Higher taxes put halt on development.
Citing rising impact and transportation fees, Minto Communities has cancelled Phase 2 of Margaritaville, at least for now, but while the county will be missing property tax dollars, and the businesses in the booming LPGA/Williamson area will lose customers, at least some Ormond Beach residents are relieved.
“It certainly alleviates future traffic and infrastructure concerns,” said former City Commissioner Rick Boehm.
Phase Two, with about 3,000 homes and 4,800 residents, would have had access onto State Road 40 from South Tymber Creek Road.
“We would have seen no benefit in property tax, with a lot of traffic congestion,” Boehm said, referring to the fact that all of Margaritaville is in Daytona Beach.
Former Mayor Ed Kelley, now Volusia County chair, said the area was annexed from Ormond Beach into Daytona Beach about 18 years ago, and it was a terrible decision by the City Commission at the time.
Kelley said he learned of a developer in later years that would have built houses there, if it could be annexed back into Ormond Beach, but he was not successful in drumming up interest in taking the area back into the city.
It’s also possible that Ormond Beach would have to provide water to the neighborhood, requiring the city to increase capacity, but final decisions on utilities have not been made.
Boehm said he regretted Tymber Creek Road not being connected to LPGA Boulevard, which would have provided a bypass around Williamson Boulevard. That connection would have been made in Phase Two.
Brian Rademacher, Ormond Beach economic development director, said it’s hard to predict how much traffic would have travelled Granada Boulevard, saying most affected would be businesses in the Tymber Creek and Interstate 95 area. He pointed out that Margaritaville is designed to be inclusive, with nearby grocery and retail.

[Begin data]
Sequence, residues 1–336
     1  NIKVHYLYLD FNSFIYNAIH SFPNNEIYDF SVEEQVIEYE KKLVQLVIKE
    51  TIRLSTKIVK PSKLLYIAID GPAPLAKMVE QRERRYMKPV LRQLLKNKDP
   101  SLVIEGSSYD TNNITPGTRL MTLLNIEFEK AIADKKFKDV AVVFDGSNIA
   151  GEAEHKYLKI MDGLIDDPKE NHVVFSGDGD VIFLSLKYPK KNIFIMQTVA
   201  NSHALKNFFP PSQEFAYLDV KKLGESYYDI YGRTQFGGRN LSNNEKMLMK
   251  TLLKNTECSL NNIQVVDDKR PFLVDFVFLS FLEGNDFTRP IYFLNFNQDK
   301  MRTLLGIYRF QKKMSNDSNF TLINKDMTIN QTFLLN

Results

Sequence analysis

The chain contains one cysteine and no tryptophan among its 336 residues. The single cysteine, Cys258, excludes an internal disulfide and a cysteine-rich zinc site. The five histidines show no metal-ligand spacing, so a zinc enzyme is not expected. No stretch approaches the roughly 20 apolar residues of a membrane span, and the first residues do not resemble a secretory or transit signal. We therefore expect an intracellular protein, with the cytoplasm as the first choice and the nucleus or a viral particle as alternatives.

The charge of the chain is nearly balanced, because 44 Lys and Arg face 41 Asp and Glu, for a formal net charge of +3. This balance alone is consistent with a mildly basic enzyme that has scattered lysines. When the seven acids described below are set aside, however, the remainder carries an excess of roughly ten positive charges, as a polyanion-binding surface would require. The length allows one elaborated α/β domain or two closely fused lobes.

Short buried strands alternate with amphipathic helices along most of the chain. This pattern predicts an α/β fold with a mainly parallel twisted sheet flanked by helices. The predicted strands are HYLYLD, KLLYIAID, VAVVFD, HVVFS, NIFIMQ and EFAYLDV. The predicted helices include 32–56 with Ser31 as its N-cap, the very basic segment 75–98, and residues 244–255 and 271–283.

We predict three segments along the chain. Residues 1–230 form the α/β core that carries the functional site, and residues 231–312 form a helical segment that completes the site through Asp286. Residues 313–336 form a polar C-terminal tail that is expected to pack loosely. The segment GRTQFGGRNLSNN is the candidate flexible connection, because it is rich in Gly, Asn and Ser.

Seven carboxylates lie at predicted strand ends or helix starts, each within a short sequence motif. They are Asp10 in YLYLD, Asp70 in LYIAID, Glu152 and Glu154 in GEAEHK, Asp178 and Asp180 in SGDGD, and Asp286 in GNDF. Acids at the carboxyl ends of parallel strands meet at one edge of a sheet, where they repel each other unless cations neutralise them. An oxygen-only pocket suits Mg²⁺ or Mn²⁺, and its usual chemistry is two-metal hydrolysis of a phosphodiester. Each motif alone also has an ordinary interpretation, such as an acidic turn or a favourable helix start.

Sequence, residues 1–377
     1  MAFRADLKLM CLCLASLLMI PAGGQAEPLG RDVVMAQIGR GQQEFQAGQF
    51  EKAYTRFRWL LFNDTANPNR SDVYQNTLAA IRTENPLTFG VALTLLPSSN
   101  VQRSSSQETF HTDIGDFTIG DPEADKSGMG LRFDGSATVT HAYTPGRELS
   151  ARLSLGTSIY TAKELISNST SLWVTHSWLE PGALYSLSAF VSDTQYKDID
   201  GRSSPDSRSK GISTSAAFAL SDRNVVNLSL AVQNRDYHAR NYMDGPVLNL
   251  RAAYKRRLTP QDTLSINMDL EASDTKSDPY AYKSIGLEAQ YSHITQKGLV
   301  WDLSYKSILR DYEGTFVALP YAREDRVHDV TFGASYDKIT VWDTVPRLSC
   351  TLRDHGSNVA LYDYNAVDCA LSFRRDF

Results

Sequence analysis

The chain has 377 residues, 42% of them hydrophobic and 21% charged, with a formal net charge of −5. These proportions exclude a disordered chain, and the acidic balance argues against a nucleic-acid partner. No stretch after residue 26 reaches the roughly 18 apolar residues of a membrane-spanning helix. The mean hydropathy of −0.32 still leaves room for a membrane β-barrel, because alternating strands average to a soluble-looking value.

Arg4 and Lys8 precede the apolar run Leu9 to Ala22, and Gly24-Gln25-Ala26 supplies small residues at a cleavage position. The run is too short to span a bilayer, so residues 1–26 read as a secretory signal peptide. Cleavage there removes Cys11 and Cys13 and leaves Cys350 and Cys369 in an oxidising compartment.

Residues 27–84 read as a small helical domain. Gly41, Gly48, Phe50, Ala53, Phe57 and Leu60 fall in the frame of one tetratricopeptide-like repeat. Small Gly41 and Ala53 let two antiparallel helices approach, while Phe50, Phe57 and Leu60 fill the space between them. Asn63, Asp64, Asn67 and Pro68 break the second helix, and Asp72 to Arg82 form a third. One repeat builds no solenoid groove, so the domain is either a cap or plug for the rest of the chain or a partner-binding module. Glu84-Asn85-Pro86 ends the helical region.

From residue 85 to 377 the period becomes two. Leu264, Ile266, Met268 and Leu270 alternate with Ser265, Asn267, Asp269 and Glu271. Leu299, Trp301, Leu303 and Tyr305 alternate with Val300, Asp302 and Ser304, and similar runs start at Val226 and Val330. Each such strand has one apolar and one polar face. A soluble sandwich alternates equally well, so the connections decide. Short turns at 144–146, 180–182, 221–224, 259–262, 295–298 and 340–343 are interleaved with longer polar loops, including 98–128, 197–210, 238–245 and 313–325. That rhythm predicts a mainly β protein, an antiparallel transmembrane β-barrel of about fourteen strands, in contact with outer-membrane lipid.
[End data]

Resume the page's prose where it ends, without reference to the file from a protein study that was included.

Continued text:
However, some of the residents could have been attracted by the locally-owned businesses in Ormond Beach, as opposed to the chain stores in the LPGA area, he said.
“It would have been a good support for local businesses,” he said.
Granada Boulevard would also provide a route to the beach, providing customers for businesses, but more traffic for those getting around town.
Phase Two would also provide another housing option. Phase One has been successful in attracting buyers.
Bill Bullock, president of Minto Communities, said originally the homes were to start at $225,000 but increases in the cost of material and labor caused them to raise the price to $250,000. With the new impact and transportation fees, the price would rise beyond Minto deems affordable in the area.
Phase Two would have started in six to eight years.
“We love Daytona Beach,” Bullock said. “We will try to resolve the issues.”
The land for Phase Two is owned by Consolidated Tomoka and would be purchased by Minto before development starts.
“We would have seen no benefit in property tax, with a lot of traffic congestion,”
RICK BOEHM, former city commissioner